Lagrangian coherent structures are associated with fluctuations in airborne microbial populations

Phanindra Tallapragada1, Shane D. Ross2, David G. Schmale3
1Mechanical Engineering and Engineering Science, University of North Carolina at Charlotte, NC, USA 2Engineering Science and Mechanics, Virginia Tech, Blacksburg, VA, USA 3Plant Pathology, Physiology, and Weed Science, Virginia Tech, Blacksburg, VA, USA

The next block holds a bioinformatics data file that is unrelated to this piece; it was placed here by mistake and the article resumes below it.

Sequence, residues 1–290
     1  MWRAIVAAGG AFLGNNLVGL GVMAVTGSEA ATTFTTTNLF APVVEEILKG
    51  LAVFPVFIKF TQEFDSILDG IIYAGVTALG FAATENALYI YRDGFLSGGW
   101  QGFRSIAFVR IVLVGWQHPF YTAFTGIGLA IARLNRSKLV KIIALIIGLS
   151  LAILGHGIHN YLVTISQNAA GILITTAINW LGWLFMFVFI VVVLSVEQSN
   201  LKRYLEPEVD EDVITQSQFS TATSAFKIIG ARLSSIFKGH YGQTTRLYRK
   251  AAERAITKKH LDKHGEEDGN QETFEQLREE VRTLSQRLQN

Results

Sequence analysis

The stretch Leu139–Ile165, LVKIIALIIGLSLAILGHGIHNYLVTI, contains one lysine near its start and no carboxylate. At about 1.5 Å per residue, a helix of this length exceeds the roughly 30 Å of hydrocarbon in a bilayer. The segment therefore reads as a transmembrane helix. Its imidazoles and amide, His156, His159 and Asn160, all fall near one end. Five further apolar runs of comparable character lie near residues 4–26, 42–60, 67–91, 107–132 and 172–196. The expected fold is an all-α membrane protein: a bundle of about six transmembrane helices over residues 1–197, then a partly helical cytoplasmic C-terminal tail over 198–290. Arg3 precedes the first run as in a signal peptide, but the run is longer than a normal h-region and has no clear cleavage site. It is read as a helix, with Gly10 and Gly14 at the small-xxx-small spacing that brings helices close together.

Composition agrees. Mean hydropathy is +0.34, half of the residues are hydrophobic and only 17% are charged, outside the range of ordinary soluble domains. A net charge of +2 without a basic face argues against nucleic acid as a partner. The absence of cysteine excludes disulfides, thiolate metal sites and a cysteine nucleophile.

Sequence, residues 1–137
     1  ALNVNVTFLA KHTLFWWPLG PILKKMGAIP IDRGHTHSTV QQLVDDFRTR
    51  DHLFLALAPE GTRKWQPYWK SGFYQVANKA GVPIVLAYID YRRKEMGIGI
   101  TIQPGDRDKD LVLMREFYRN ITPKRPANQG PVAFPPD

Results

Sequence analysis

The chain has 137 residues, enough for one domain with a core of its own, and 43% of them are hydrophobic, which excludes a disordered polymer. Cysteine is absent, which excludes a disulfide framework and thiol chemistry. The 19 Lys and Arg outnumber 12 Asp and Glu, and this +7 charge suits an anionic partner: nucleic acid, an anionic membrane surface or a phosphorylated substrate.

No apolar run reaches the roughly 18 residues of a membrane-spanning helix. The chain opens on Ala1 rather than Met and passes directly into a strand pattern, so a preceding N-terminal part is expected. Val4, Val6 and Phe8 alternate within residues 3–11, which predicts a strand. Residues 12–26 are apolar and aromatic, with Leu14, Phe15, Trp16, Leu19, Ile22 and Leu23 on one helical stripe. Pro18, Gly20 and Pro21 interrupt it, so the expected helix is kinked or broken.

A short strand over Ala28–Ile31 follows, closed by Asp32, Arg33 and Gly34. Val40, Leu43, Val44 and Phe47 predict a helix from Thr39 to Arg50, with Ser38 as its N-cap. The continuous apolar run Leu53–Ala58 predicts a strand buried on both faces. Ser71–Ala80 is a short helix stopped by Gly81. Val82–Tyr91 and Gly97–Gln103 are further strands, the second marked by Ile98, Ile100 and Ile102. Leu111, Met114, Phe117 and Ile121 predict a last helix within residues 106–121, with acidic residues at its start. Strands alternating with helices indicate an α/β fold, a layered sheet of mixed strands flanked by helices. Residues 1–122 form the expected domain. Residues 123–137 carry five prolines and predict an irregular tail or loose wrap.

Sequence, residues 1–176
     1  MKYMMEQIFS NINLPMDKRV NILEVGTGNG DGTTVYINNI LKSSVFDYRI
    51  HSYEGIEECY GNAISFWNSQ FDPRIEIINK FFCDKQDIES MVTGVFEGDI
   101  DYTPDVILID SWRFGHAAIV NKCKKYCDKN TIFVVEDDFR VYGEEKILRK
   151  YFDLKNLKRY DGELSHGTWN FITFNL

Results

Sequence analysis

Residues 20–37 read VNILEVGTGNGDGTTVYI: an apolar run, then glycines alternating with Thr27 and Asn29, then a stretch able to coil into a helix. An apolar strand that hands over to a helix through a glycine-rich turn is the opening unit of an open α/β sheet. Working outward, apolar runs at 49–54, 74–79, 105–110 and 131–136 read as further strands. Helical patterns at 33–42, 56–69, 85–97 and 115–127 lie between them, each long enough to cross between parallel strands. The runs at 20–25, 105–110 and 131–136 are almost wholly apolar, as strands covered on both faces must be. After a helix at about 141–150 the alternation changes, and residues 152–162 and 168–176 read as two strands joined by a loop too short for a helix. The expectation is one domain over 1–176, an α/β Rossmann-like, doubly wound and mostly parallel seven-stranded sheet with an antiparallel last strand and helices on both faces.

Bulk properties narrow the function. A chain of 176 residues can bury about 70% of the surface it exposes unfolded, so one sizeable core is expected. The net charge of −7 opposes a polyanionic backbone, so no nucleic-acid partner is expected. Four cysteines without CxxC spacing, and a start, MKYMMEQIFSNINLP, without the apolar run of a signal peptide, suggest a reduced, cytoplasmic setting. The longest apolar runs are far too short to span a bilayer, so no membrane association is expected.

Many microorganisms are advected in the lower atmosphere from one habitat to another with scales of motion being hundreds to thousands of kilometers. The concentration of these microbes in the lower atmosphere at a single geographic location can show rapid temporal changes. We used autonomous unmanned aerial vehicles (UAVs) equipped with microbe-sampling devices to collect fungi in the genus Fusarium one hundred meters above ground level at a single sampling location in Blacksburg, Virginia, USA. Some Fusarium species are important plant and animal pathogens, others saprophytes, and still others are producers of dangerous toxins. We correlated punctuated changes in the concentration of Fusarium, to the movement of atmospheric transport barriers (ATBs) identified as finite-time Lyapunov exponent-based Lagrangian coherent structures (LCSs). An analysis of the FTLE field for periods surrounding 73 individual flight collections of Fusarium showed a relationship between punctuated changes in concentrations of Fusarium and the passage times of LCSs, particularly repelling LCSs. This work has implications for understanding the atmospheric transport of invasive microbial species into previously unexposed regions, and may contribute to information systems for pest management and disease control in the future.

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